• III. PROPOSAL AND PROJECT GOAL: BRINGING DARFUR/DARFUR MULTI-MEDIAPHOTOGRAPHY EXHIBIT TO SPAINPROJECT GOALThe goal of this project is to bring the DARFUR/DARFUR Multi-Media Photography Exhibit to multiple cities in Spain eitherto be shown simultaneously (same night) or to be shown over a short period time (no more than a month). In this case, theexhibit would tour to different cities across Spain. This exhibit is intended to reach a wide audience in both small and largecities. Therefore, each event location should be situated in a place that is exposed to a lot of foot traffic, as well as possiblyoffer the ability to be seen by people in vehicles driving by. Ideally, there should be a plaza or an area where people cancongregate to get full viewing of these spectacular images.The event is planned for sometime in 2008. The exact date is still to be determined. Since this exhibit is intended to be shownin the dark this project should happen when the weather condition is favorable. Possible months are May, June, July, August,or September.FEATURES AND BENEFITS Awareness:  This exhibit facilitates the mobilization of creating awareness about the Darfur crisis.  Opportunity to increase a national level of awareness about the Darfur crisis among Spanish citizens.  An opportunity to bring activists, politicians, photojournalists, survivors, and witnesses together to focus on this crisis in a public arena  The photographs present a visual perspective into the Darfur crisis with the idea of motivating action and awareness towards finding a solution to this inhumane situation.  For some, the images offer a wake up call reminding us that we humans have a collective responsibility to prevent this kind of crisis from occurring. National Media:  A multi-city event (in Spain) offers increased media attention on the cities where the event will occur.  One of the project objectives is to increase national media attention on this crisis. Educational:  This exhibit educates people about a different culture and way of life than ours. Inspirational:  The images remind us of how lucky we are in our lives and that not everybody lives as we do.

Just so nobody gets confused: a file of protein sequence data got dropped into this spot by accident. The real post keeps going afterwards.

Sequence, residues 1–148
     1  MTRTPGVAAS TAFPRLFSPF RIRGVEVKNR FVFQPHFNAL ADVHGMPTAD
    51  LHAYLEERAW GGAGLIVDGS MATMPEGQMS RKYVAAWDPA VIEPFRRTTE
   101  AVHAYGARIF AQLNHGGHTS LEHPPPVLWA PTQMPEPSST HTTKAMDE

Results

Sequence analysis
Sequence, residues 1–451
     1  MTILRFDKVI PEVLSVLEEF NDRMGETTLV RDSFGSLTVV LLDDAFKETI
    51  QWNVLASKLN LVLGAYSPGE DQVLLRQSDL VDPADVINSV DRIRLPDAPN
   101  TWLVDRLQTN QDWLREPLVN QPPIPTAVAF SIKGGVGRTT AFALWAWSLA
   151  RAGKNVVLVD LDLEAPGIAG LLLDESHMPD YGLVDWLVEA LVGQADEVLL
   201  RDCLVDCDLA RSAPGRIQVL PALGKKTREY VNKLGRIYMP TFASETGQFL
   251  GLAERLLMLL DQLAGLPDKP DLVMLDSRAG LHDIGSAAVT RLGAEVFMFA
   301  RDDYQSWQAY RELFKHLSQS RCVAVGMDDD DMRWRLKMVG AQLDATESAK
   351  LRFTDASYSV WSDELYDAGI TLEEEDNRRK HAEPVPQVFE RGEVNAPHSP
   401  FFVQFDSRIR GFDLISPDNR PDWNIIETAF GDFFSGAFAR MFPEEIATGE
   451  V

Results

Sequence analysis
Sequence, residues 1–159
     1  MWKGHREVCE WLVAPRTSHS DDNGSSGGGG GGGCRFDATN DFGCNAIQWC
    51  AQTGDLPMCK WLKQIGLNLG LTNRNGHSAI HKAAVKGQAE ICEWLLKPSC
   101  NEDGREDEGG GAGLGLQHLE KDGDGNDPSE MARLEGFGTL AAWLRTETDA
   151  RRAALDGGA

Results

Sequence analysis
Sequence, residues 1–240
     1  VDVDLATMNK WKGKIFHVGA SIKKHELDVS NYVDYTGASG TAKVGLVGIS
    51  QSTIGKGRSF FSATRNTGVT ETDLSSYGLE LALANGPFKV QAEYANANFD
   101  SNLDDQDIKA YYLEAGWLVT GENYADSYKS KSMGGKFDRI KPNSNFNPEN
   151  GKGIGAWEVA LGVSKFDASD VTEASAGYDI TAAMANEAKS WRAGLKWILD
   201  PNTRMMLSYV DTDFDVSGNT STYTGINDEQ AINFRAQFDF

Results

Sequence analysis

• IV. METHODOLOGYExhibit is free for each location to borrow and free for the public to view.Event DescriptionThis exhibit can be a one-day event or a multi-day event. At each location there should be an opening ceremony that would lastno more than one hour. This would include speakers such as politicians, activists, photojournalists, survivors and/or witnessesof genocide and/or the crisis in Darfur. After a series of short speeches about the Darfur crisis, testimonial comments aboutgenocide, the exhibit will be introduced. The DARFUR/DARFUR photography exhibit runs for 6-10 minutes with Sudanese-inspired music, and can be repeated continuously for any period of time.If a location is interested in doing a multi-day event, this can be done similarly to the first day or without presentations, just re-playing the photography. Additionally, an event like this presents a wonderful opportunity to invite NGO organizations whoworking directly in Darfur to participate by setting up tables with literature to educate the public about this crisis and to offercitizens information on how they can make a difference in their own communities regarding this crisis. Live music is also awonderful addition and can be of African or other influence.How to become a part of this project 1) Decide if your organization wants to be a part of this national project. 2) Decide on a well-located location that would attract a lot of people. 3) Decide on some potential dates you would like to have this exhibit in 2008, including how many days. Possible months include May, June, July, August, or September. 4) If after reading this proposal your organization does not have all the funds necessary to host an exhibit, it may be possible to find financial supporters from other resources. For instance, consider collaborating with other organizations in your city that could offer financial support. Additionally, you could consider pursing local and/or regional government, refugee or human right NGOs, banks with social programs, and businesses that have departments of corporate responsibility for additional funds. 5) Once you decide to participate in this national project contact Elizabeth E. Brait, a Spain-based organizer living in Santander, Spain. Her phone number is 942-364-602 or 659-946-710, and her email is wcasey@pon.net. She can help facilitate your event.Each location should feel free to design an event around the DARFUR/DARFUR exhibit. Included in this proposal are multipleideas for designing your event. If the locations want guidance or assistance, that is completely available. Feel free to contactElizabeth Brait and she will do whatever possible to assist your location with organizing this event.Once event dates and multiple locations are determined outside organizations and businesses will be pursued to donateadditional funds to help where funding may be short.Projectors:Each location can choose whether they want to use two or three projectors. The images are projected using 12,000 lumenprojectors that are projected onto either a screen, fabric or directly onto the wall of the exterior of a building.The size dimensions of projected images:The size of each projected images on screens or fabric is approximately 10 x 6.5 meters, the presentation is never square, anduses the aspect ratio off 4:3. The projected image / screen size may need to be reduced depending on the building, expenses,etc. Also, when you have the three full panels the projected images can be slightly smaller because together they give theimpression they are larger. The idea is to show these images as large as possible. If you need a screen, it is may also be possibleto have the fabric screen tied to the building, rather than use a structure in order to cut down on costs. The DARFUR/DARFURexhibit has been adapted to fit multiple complications and scenarios in the past with a successful outcome.Audiovisual Component:An audiovisual company will provide the rental of the 12,000 lumen projectors, installation of the screens or fabric, andequipment for the music and opening ceremony. This exhibit has been designed to be projected the exterior walls of a publicbuilding. This is done either using multiple screens, fabrics, or directly onto the wall. Costs for these different options arediscussed under the Budget section of this proposal and can vary greatly depending on the location and length of the event,obstacles and limitations, and which audiovisual equipment materials are needed. It is possible to present this exhibit indoors,however it is much more spectacular outdoors and likely will reach more people.It is possible to hire an audiovisual company to work at multiple sites. There are pros and cons to this approach. The pros arethat there could be some continuity between the multiple events, if this exhibit occurs on different days in different locations.